Jean-Marc Nattier’s Portrait of a Woman as Diana (1752) was executed at the height of his career as a painter in the court of Louis XV. A celebrity among the French elite, Nattier enjoyed the patronage of both the female nobility and bourgeoisie, whom he often portrayed in the guise of Roman deities. In my paper I prove how Nattier’s Portrait of a Woman as Diana reflects the dual roles placed upon these women during the eighteenth century. While in the public sphere she was expected to carry on as a maiden, in the private realm a man anticipated the woman’s acceptance of his company and advances. From an early age elite women were taught the Christian values of virtue and chastity. However, the life at the court of Louis XV reflected the king’s promiscuous nature. As was the case for many mythological themed paintings, visual and literary art reflected societies taste for eroticism. Diana was a popular subject that permeated the salons of the eighteenth century, with artists focusing on the stories of the goddesses’ encounter with the voyeur Actaeon and her love affair as Selene with the shepherd Endymion. Through an examination of Nattier’s painting, I highlight how the dual identities of Diana – as both the huntress and moon goddess- are presented in the work, calling attention to how the goddesses’ two personalities exemplify the contradictory expectations imposed upon women courtiers.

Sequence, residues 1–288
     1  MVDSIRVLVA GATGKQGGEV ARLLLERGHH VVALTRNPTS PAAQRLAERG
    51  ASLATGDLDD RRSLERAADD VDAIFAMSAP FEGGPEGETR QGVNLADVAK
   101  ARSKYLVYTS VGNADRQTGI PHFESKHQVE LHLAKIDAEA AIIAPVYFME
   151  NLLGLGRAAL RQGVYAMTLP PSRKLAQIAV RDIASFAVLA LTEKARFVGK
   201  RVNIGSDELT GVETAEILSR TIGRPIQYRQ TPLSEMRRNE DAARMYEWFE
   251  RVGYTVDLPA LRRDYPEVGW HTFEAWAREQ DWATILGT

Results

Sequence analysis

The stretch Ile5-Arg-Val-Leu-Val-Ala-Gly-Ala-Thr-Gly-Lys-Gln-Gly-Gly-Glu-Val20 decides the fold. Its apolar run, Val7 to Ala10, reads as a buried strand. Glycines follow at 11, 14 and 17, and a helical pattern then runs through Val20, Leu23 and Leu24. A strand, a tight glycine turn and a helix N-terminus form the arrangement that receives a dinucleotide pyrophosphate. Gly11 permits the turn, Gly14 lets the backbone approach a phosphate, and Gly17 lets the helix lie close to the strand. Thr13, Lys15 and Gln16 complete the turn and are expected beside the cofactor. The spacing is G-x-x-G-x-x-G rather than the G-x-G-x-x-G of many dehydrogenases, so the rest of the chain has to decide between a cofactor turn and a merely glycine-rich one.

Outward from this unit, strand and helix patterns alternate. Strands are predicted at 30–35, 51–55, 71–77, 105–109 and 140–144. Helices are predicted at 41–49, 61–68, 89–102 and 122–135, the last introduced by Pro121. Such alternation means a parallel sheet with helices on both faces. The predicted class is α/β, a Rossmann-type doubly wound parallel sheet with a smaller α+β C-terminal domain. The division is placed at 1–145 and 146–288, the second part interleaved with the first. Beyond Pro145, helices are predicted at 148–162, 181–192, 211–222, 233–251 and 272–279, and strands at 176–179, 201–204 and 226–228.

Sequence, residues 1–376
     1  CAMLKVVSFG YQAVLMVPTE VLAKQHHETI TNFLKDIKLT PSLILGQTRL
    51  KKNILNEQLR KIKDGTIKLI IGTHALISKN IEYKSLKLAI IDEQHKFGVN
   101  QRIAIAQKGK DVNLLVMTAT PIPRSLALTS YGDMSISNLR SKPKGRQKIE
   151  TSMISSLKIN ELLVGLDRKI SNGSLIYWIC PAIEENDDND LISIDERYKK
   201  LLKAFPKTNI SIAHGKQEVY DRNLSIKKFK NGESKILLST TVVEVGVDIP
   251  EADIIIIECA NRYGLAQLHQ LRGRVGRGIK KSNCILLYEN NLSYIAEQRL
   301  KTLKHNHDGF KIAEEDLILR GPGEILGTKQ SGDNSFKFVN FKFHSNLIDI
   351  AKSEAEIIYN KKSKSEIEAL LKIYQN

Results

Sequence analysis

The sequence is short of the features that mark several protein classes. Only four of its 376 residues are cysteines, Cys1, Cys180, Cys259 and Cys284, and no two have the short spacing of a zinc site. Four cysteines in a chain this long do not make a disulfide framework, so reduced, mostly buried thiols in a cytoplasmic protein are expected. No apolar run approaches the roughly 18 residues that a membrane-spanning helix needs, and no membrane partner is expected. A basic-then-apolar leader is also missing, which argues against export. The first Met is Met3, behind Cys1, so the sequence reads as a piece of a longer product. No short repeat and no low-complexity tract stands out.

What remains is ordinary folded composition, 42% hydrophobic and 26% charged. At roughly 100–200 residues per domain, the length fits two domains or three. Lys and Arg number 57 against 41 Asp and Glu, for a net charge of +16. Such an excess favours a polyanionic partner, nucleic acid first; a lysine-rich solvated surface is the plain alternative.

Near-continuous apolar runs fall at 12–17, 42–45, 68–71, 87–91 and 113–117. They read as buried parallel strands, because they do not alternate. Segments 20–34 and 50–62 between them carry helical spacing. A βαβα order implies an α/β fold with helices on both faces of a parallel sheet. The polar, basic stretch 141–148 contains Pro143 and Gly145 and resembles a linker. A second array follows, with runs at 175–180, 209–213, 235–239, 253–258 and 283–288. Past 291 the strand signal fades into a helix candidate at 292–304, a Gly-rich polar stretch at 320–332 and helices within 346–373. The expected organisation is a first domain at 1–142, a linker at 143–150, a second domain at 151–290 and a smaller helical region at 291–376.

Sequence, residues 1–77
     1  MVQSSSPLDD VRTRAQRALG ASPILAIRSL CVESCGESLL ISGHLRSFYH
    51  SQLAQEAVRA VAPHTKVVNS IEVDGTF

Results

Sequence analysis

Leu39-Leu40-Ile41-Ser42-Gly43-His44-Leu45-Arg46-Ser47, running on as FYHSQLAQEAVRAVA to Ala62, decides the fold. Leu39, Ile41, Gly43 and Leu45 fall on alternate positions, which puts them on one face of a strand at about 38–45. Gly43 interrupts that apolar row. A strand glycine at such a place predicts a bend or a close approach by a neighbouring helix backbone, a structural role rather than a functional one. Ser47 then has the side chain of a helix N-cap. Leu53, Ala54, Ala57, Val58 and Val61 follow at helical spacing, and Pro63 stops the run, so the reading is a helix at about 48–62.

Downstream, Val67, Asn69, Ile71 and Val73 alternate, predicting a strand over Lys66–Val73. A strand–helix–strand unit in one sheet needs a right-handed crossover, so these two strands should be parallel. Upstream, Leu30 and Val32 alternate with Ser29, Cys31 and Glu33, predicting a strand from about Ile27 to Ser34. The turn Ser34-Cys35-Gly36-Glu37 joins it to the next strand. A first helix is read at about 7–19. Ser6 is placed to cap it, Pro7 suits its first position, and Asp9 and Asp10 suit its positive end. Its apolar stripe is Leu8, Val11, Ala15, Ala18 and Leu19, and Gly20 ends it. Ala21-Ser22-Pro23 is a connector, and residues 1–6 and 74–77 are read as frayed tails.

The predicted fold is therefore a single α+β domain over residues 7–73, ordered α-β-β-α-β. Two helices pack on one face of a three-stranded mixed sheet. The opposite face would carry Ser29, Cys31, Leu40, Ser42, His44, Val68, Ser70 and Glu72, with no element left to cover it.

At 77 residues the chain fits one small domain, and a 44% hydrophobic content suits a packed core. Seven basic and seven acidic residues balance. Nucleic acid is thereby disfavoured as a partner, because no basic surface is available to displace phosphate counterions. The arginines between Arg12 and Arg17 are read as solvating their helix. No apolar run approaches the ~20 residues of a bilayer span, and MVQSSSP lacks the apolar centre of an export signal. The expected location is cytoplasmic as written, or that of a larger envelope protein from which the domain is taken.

|Presenter:||Valerie Clark (Case Western Reserve University) -- firstname.lastname@example.org
|Topic:||Art History - Panel|
|Time:||10:45 am (Session II)|